The Defense Department’s current acquisition regulations make it difficult for DOD buyers to leverage the benefits of the government-wide Best in Class (BIC) acquisition initiative, according to a new report from the department’s Section 809 panel.
The advisory panel, which takes its name from Section 809 of the National Defense Authorization Act of Fiscal 2016 that called for its charter, has spent more than two years reviewing DOD's acquisition regulations and, in a series of three reports, is recommending ways to improve the efficiency and effectiveness of the defense acquisition process.
In total, the panel made 93 recommendations, provided implementation plans, and proffered legislative language across more than 1,000 pages of three volumes of work. The likelihood of many of these proposals advancing is good, according to David Drabkin, the panel’s chairman. “We can’t assure Congress will accept our work, but we have an indication that they are very interested,” Drabkin said, speaking at the report’s roll out.
In theory, government-wide acquisition contracts designated by the Office of Management and Budget (OMB) as BIC should help DOD both in terms of efficiency and effectiveness. Unfortunately, that isn’t happening, according to the panel’s third and final report, issued January 15. Despite the clear benefits of BIC contracts, “DOD creates mechanisms that discourage their use,” the report states.
The panel identified four key benefits of using BIC contracts:
- Allowing for the development of common requirements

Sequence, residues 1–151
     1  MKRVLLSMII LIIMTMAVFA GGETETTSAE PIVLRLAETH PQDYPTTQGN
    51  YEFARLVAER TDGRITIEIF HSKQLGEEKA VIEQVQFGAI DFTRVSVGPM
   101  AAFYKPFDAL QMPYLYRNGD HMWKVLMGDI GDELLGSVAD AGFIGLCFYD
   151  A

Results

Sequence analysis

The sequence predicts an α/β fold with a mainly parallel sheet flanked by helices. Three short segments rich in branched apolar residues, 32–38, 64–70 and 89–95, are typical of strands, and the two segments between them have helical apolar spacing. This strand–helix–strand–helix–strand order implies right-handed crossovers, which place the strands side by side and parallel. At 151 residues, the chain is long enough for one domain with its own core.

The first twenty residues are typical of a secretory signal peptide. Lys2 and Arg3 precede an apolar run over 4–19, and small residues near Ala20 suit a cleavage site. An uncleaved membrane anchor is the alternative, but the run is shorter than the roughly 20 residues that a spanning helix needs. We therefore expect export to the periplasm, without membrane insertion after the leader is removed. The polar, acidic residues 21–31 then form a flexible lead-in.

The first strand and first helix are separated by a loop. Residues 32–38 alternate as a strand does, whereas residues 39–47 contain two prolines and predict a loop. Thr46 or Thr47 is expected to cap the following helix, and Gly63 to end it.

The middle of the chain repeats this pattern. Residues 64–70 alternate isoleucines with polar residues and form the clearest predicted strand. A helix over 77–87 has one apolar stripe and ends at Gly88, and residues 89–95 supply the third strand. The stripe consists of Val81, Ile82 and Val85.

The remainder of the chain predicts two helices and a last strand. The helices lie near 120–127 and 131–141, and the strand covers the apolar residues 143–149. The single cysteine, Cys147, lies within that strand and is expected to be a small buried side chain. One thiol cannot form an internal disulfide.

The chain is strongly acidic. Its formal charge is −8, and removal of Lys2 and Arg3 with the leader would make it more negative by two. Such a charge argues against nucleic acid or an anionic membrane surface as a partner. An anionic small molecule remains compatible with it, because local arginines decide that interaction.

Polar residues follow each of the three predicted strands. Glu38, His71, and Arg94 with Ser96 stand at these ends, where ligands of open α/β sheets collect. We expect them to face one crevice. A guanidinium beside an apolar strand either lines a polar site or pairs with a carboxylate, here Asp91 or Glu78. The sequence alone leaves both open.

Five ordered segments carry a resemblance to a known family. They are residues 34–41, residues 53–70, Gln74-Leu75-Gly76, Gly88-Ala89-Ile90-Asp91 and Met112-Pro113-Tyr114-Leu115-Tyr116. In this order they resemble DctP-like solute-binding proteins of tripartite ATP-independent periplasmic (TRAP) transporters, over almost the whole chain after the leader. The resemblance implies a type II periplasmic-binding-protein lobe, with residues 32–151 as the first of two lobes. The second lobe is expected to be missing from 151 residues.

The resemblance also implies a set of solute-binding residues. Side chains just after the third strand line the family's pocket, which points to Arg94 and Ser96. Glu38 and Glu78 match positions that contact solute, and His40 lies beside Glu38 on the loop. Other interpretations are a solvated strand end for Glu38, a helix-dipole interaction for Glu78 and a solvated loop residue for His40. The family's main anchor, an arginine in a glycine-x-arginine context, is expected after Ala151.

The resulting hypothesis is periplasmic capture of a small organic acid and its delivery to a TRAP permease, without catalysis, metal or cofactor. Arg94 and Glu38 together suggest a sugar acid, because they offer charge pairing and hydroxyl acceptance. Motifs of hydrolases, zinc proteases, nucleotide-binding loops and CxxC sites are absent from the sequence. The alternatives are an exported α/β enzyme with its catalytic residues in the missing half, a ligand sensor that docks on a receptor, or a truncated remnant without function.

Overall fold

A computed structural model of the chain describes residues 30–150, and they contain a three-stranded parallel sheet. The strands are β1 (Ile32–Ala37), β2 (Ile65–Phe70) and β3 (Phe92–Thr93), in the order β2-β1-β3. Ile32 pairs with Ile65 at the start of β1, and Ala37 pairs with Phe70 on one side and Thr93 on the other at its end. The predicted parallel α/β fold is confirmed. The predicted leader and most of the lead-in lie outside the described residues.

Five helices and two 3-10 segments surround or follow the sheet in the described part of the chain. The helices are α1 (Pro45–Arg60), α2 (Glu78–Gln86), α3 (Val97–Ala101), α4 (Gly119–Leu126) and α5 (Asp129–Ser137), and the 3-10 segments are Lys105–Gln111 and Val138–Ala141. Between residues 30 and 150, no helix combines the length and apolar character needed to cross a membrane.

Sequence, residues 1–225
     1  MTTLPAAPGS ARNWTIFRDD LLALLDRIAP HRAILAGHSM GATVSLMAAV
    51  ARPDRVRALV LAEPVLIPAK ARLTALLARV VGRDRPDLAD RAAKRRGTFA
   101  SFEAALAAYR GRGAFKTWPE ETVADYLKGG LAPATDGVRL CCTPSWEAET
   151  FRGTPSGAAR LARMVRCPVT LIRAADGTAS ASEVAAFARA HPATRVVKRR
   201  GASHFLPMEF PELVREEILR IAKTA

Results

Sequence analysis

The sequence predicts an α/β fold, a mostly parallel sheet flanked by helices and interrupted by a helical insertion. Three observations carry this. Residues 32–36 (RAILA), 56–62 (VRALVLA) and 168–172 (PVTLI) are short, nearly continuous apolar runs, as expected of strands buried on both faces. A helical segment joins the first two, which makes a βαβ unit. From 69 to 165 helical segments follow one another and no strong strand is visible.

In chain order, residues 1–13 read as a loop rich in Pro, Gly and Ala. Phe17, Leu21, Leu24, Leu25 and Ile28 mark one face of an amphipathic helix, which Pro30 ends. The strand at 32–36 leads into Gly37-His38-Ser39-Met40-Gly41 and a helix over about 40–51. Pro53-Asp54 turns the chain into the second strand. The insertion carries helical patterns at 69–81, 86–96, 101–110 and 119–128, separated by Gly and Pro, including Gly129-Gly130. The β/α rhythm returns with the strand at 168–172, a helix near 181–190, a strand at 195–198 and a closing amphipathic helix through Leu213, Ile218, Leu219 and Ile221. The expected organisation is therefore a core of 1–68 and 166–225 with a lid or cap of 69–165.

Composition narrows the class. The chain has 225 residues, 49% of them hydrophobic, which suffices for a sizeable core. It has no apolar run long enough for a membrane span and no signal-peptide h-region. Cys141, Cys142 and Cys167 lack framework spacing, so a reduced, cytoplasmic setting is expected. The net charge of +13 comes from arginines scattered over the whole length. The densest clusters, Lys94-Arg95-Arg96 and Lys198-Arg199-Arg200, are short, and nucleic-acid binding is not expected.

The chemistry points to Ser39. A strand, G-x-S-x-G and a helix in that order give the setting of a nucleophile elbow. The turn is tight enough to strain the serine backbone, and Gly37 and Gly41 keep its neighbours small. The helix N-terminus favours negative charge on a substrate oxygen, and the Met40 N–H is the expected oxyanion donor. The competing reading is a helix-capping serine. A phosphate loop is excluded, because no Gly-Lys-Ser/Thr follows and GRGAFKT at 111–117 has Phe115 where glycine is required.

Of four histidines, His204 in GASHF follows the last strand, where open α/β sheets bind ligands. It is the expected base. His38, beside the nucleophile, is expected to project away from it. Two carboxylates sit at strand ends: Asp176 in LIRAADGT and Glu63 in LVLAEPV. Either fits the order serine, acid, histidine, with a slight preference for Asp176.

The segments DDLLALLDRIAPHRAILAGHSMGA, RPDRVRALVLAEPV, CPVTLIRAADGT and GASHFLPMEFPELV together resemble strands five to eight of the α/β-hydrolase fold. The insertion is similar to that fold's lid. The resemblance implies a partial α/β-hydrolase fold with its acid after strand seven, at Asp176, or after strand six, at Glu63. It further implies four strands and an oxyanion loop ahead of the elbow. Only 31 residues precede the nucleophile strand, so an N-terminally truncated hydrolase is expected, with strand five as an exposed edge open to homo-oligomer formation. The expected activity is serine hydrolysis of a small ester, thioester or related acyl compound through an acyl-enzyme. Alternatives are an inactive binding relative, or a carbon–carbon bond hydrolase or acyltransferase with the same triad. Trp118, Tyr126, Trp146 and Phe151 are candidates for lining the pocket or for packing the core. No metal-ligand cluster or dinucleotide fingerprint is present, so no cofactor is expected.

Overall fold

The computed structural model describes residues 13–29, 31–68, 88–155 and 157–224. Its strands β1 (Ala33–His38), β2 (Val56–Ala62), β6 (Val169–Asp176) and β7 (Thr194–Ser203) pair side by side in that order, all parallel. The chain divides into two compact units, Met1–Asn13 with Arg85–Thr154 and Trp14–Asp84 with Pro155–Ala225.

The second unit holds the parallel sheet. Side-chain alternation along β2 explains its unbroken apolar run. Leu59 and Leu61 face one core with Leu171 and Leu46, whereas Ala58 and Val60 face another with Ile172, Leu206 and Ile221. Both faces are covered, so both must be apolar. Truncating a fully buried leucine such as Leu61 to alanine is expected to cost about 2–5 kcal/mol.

- Reducing duplicate contracts
- Applying demand management practices
- Improving government’s negotiating power with vendors
Across government, BIC GWACs are seen as essential to helping agencies to take a more strategic approach to IT acquisition, eliminating wasteful contracting and accelerating access to modern IT solutions. OMB gives a BIC designation only when a contract has gone through an extensive vetting process. All three of NITAAC’s GWACs have been designated Best in Class (read the press release here).
The problem at DOD is the approval process required to use non-DOD interagency contracts. Under existing regulations, DOD buyers need to go through what the panel describes as a "signature-accumulation exercise" to get approvals.
If buyers choose to go through that process, they might need to wait months to make an acquisition. In many cases, in fact, buyers opt to create their own contracts. “The results are inefficient contracting strategies and loss of volume discounts and purchasing power,” the report states.
The panel recognizes that such oversight might be needed for assisted acquisitions, in which GWAC contracting officials are involved in defining contract terms or conditions. But that is not necessary when it comes to direct acquisitions, in which an agency places an order directly against a GWAC.
In those cases, the panel recommends that DOD eliminate the documentation approval process for DOD programs to use BIC contracts. “Greater use of interagency OMB-designed BICs in DOD contracting should be encouraged,” the report states.